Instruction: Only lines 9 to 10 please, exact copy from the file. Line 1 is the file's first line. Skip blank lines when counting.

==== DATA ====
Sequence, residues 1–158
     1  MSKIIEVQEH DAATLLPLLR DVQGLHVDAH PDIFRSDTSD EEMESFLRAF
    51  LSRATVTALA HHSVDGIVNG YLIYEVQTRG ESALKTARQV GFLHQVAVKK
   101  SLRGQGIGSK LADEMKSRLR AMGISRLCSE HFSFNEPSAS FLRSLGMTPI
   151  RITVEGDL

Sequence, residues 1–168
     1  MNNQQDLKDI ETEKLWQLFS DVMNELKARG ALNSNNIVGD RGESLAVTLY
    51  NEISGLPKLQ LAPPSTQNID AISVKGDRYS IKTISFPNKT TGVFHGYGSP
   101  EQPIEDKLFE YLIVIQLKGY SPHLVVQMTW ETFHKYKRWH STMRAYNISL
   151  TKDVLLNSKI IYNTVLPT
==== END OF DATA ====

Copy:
   101  EQPIEDKLFE YLIVIQLKGY SPHLVVQMTW ETFHKYKRWH STMRAYNISL
   151  TKDVLLNSKI IYNTVLPT